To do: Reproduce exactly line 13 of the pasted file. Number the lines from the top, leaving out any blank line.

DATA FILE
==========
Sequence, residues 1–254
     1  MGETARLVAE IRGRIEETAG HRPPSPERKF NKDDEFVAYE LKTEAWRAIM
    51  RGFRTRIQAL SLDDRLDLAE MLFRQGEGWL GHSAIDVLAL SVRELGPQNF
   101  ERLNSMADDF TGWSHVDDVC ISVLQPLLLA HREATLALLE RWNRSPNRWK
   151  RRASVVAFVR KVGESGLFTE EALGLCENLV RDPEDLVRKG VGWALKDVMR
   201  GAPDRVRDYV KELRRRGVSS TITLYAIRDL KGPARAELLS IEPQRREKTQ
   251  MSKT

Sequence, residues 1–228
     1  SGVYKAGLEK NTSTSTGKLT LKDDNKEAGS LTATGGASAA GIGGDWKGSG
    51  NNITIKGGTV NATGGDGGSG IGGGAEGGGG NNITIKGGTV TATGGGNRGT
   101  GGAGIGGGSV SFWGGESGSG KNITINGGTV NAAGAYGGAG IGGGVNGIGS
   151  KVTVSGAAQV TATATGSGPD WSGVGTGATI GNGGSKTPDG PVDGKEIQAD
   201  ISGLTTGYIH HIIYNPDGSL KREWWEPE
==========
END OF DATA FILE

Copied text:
   201  ISGLTTGYIH HIIYNPDGSL KREWWEPE